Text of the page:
And then once it’s in the Roth, it grows tax free and distributes tax free, provided you don’t touch the account until you’re 59 and a half and you’ve had the account open for five years. So just that one extra step to get from the traditional IRA to the Roth, that essentially completes your backdoor Roth Ira. So we are big proponents of this. We’re huge fans of getting money into a Roth IRA for a lot of reasons. Like I just said, tax free growth, tax free distributions can help save you in Medicare costs and retirement. The more Roth assets you have, the lower your taxable income can be when you’re taking, again, huge benefits for Roth planning, having a mix of Roth and pre tax.

 

So one of the issues that we run into when we’re looking to fund backdoor Roth IRAs or we’re meeting someone that wants to fund a backdoor Roth IRa is a really important rule called aggregation. And this is something we really want to be aware of if and when we’re funding a backdoor Roth IRa. Aggregation states that if you have a traditional IRA balance, this entire balance needs to be zeroed out to make sure that you can fund a backdoor Roth IRA properly and tax efficiently. So what I mean by this is, let’s assume that someone has a traditional IRA of 100,000 and they fund a backdoor Roth IRA. So they contribute 7000 to their traditional IRA, which now has a balance of 107,000, and then they go to convert that 7000 into their Roth IRA.

 

The problem is when you go to convert your 7000 that you put in, it’s going to assume your entire balance is part of the conversion. So in this case, you go to convert 7000, but your balance is 107. That means that only 6.5% of the conversion will be actually reported as the 7000. So 93% of the conversion that you’re going to be reporting is actually from the traditional IRA balance, meaning that 6500 is going to be considered taxable. So you went in with the idea of, hey, I’m going to get 7000 into my traditional IRA, I’m going to convert it the next day, and this 7000 is now going to be growing into my Roth completely tax free for the rest of my life. Well, because we have this IRA balance here, the majority of that conversion is actually going to be considered taxable.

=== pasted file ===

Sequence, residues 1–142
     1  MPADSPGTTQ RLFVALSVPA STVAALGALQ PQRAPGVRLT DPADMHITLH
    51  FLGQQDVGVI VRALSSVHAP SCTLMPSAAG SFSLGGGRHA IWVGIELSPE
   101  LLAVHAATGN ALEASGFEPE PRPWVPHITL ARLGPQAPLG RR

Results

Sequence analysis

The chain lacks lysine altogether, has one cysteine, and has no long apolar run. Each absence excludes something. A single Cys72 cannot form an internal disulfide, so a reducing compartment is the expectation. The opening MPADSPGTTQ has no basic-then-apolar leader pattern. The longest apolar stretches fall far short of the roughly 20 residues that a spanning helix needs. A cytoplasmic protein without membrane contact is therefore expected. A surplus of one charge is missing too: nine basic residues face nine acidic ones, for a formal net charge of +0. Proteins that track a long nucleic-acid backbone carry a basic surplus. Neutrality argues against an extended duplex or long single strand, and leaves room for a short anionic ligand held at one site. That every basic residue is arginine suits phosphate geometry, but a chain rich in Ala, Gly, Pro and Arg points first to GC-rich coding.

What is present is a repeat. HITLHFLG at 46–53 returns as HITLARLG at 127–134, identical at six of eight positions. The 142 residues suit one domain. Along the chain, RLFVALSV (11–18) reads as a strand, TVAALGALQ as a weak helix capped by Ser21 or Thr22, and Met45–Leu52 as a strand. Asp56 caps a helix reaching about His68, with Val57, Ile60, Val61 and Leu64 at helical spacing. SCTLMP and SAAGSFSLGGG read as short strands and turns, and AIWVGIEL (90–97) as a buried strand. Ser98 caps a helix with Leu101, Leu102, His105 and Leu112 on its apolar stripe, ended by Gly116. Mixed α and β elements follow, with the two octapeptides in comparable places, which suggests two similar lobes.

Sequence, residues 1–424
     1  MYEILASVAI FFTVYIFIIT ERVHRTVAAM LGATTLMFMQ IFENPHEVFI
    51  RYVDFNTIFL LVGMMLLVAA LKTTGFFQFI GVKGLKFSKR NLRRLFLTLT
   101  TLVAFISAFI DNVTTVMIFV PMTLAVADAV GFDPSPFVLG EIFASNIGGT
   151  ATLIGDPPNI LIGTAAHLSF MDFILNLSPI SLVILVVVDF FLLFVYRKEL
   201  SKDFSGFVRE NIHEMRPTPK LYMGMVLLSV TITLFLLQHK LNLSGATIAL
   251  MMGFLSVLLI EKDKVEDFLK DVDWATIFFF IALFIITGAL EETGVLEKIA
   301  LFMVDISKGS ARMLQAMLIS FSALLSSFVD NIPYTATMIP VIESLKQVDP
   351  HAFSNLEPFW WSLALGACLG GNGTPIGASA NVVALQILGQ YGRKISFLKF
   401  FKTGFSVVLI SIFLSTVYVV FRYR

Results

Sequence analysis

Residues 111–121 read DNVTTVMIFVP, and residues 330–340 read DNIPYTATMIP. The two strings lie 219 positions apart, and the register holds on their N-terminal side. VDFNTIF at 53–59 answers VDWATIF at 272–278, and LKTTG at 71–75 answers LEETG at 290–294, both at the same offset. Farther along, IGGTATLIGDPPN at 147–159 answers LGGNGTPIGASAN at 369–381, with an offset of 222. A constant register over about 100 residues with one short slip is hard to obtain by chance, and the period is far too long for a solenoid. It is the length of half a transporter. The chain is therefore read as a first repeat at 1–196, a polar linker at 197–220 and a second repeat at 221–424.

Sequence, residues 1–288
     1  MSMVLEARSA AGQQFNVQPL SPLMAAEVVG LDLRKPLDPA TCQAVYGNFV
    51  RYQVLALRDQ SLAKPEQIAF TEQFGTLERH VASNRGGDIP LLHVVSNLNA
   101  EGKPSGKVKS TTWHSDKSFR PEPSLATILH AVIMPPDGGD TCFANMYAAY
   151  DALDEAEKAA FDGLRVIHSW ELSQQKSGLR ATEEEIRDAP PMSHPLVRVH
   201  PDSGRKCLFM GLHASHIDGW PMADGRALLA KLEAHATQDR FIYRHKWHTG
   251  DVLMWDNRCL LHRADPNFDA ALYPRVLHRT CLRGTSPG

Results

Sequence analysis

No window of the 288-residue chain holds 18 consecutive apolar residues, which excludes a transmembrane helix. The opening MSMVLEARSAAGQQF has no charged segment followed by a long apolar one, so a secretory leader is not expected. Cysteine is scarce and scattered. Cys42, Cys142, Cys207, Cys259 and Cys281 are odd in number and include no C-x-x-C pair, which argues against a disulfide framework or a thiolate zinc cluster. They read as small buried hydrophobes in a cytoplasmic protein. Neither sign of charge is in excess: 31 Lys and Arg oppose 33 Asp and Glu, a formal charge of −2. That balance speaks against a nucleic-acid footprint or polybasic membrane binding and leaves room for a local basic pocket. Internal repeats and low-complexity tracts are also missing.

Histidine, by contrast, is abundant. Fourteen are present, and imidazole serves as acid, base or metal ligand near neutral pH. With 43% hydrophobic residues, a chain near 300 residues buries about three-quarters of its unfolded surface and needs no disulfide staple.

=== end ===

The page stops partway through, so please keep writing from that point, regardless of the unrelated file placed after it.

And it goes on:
So it defeats the whole purpose of the backdoor Roth. So it’s really important that if you are looking to fund a backdoor Roth IRA and you have a traditional IRA balance, we could do one of a couple of things to clear aggregation. Number one, we could potentially roll this balance into your pretax 401k, if your plan allows, or if you have 1090 income, maybe this is a solo 401k. Or we can convert the entire balance to your Roth IRA, in which case that would zero out the traditional IRA balance, and you can then fund a backdoor Roth IRA, no problem. So if you’re looking to fund a backdoor Roth IRA or you have questions about how this is funded and how this applies to your financial plan, I do suggest reaching out to a financial advisor to discuss this further.